"I just don't believe there has been time to analyse who will lose out ... with the threshold only being published yesterday it is impossible to look in detail at who will lose out. Without it, it is almost impossible to have an informed debate about this part of the bill.

"So why an independent review and trial period? Some early analysis has suggested that one of the groups who may lose out would be those with mental health conditions who currently receive the lower rate of mobility. Many people with a mental health condition find it impossible to use public transport. They frequently use their DLA to pay for taxis. If they are unable to get out it is likely to make them more socially excluded and push them further from the job market. This is just one possible unintended consequence. there needs to be careful scrutiny of who will be affected by these changes," she said.

Lord Low of Dalston, the vice-president of the Royal National Institute for the Blind, reading from braille, said: "This amendment is every bit as important as those we passed last week. People are looking to us to ameliorate the worst excesses of this welfare reform bill. Though it has some very sensible and progressive things at its core, in the shape of the universal credit, nevertheless it goes too far to most people's consciences in the way in which it takes vital support away from some of the most needy in our society."

Among those voting for the amendment was an unlikely alliance of Lord Harries of Pentregarth , the former Anglican Bishop of Oxford, and the Rev Ian Paisley, now Lord Bannside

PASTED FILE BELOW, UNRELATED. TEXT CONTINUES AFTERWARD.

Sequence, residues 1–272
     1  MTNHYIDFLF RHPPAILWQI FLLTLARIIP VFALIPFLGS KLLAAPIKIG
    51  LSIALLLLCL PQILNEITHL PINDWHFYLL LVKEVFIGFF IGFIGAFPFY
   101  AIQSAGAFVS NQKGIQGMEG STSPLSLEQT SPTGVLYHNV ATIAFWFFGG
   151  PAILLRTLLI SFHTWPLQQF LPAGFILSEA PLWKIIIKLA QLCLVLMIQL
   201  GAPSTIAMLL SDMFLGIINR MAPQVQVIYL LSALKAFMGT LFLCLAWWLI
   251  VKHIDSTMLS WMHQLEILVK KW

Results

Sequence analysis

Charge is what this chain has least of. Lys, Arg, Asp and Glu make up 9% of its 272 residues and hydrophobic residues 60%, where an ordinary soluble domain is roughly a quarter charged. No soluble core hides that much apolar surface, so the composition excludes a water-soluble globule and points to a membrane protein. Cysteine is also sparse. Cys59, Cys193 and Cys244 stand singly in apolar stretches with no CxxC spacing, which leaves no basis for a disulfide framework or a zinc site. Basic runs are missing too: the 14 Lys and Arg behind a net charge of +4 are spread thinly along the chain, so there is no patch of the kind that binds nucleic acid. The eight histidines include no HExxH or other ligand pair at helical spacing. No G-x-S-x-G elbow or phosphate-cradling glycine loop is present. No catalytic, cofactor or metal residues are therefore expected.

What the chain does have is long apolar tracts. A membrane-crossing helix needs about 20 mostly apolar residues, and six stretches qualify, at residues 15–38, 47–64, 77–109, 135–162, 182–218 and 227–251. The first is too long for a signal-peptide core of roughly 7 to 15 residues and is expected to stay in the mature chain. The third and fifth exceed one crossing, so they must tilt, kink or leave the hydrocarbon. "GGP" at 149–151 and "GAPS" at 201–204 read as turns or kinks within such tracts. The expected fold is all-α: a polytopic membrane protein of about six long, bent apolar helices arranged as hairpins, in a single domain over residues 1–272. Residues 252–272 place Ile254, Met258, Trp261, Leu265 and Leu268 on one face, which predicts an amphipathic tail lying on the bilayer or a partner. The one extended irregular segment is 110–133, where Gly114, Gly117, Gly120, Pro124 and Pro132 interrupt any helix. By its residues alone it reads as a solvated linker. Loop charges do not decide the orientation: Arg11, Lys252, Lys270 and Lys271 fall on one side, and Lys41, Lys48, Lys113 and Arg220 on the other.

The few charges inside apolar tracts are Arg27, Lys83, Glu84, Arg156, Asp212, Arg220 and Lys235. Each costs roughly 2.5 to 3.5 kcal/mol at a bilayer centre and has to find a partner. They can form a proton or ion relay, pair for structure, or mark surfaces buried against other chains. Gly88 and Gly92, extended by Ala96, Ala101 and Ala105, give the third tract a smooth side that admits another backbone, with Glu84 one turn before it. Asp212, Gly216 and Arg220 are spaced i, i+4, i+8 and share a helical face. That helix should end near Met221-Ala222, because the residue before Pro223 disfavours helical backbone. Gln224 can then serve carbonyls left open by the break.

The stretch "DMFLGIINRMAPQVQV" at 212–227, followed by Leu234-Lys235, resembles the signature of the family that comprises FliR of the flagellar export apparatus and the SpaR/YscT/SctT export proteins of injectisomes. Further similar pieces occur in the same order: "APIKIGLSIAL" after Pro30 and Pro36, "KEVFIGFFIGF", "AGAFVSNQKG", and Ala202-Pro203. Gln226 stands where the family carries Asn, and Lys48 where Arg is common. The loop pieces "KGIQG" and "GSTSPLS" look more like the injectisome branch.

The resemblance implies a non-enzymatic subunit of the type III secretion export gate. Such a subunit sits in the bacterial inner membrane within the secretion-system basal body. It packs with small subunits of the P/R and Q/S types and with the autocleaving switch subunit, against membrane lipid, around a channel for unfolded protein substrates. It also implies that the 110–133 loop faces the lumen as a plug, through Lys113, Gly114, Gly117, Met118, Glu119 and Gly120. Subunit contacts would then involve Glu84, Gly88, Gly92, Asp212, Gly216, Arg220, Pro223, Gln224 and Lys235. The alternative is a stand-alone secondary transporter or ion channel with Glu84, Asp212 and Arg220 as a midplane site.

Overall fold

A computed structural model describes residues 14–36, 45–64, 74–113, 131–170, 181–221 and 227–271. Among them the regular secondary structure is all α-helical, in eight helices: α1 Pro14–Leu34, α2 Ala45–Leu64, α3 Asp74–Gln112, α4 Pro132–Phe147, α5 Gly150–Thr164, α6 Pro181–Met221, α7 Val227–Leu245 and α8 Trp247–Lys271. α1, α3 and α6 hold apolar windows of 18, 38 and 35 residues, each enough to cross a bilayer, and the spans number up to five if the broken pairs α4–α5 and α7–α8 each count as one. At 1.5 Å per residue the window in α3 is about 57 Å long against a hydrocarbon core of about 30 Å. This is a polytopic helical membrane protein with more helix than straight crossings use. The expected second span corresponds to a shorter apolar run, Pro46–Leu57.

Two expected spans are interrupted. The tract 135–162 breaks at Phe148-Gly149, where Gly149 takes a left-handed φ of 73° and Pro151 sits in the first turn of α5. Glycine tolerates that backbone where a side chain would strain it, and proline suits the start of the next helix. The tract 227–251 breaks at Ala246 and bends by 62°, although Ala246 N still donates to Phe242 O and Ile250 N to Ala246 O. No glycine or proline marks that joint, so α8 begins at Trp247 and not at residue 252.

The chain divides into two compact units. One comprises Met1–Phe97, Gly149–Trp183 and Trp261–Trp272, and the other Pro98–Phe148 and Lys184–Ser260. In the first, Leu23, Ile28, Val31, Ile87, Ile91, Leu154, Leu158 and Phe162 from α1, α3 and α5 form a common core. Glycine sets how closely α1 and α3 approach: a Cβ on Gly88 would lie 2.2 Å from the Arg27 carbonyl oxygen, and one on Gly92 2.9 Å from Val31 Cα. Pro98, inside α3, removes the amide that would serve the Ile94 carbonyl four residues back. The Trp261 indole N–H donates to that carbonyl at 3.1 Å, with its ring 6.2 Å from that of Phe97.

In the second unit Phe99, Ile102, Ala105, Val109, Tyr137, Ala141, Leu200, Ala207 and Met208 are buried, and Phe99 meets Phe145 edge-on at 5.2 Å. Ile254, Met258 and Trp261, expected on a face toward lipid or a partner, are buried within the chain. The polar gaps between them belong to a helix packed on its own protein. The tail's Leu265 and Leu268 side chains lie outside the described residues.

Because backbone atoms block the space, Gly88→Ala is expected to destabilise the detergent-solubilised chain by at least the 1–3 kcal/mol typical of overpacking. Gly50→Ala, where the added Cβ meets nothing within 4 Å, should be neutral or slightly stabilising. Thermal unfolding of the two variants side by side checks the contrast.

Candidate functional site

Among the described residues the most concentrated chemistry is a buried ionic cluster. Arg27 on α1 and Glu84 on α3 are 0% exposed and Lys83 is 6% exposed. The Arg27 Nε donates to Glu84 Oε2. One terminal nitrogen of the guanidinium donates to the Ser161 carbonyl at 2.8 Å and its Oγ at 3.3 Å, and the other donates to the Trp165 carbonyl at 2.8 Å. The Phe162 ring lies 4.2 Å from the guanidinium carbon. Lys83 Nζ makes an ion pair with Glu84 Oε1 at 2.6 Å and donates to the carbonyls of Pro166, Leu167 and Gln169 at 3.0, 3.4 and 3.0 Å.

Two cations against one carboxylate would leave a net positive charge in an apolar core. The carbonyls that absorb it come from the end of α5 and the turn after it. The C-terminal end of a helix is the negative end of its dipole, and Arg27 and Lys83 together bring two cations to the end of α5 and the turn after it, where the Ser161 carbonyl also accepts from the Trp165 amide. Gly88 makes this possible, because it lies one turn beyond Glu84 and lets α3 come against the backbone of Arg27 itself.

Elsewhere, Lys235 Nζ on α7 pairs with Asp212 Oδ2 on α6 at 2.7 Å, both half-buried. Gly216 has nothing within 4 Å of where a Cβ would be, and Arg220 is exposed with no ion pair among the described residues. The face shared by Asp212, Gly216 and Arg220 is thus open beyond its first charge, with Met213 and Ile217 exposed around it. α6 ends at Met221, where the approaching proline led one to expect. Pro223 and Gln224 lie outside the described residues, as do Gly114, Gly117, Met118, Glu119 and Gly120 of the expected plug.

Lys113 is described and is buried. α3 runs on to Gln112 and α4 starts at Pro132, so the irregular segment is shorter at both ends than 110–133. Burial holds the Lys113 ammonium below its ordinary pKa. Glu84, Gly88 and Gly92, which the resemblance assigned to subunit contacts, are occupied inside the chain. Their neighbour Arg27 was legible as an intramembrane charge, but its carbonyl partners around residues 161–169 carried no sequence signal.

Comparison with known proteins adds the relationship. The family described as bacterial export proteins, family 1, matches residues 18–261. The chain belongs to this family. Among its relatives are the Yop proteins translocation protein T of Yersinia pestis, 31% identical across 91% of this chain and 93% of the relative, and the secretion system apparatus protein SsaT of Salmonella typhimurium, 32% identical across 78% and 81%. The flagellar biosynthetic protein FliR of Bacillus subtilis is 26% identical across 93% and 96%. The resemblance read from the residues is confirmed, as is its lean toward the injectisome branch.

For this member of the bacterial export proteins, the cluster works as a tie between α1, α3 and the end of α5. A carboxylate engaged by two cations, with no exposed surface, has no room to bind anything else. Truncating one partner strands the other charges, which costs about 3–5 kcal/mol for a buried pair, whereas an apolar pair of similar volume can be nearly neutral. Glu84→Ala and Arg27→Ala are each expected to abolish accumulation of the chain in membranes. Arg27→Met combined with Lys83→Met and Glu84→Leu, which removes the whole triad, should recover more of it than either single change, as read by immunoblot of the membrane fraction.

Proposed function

Lord Newton of Braintree, who served as social security secretary under Margaret Thatcher and John Major when DLA was introduced, backed the government and seemed irritated amount of critical correspondence he had received from disabled people.

After the vote, Guardian journalist and commentator Patrick Butler observed on his live blog: "Campaigners will note that [Lord] Freud, not previously known a man known for his enthusiasm for 'co-production' has had to emphasise strongly how integral the voice of disability campaigners will be in the design and implementation of PIP to ensure it works properly. He may have to work a lot harder than he has done hitherto to win their trust, however."

"There will also be serious worries over the still unexplained matter of who will lose their disability benefit under PIP. The government says 500,000 people will see their payments axed over the next three years. In this sense disability campaigners still have a lot to play for, he added.

Social network activist Anthony McCann summed up the feeling of many who had lobbied the Lords: "The Welfare Reform Bill debate has been a major consolidating force in disabled advocacy across social networks."

Charities and NGOs are intending to continue to push the government hard on its plans in the light of issues raised by the Spartacus Report and the Welfare Reform Bill debates.

Estimates are that the government's welfare cuts will cost the sick, disabled and vulnerable more than £2 billion, while around 500,000 will lose support through the ditching of Disability Living Allowance.

* Hansard on the Lords Division: who voted for what -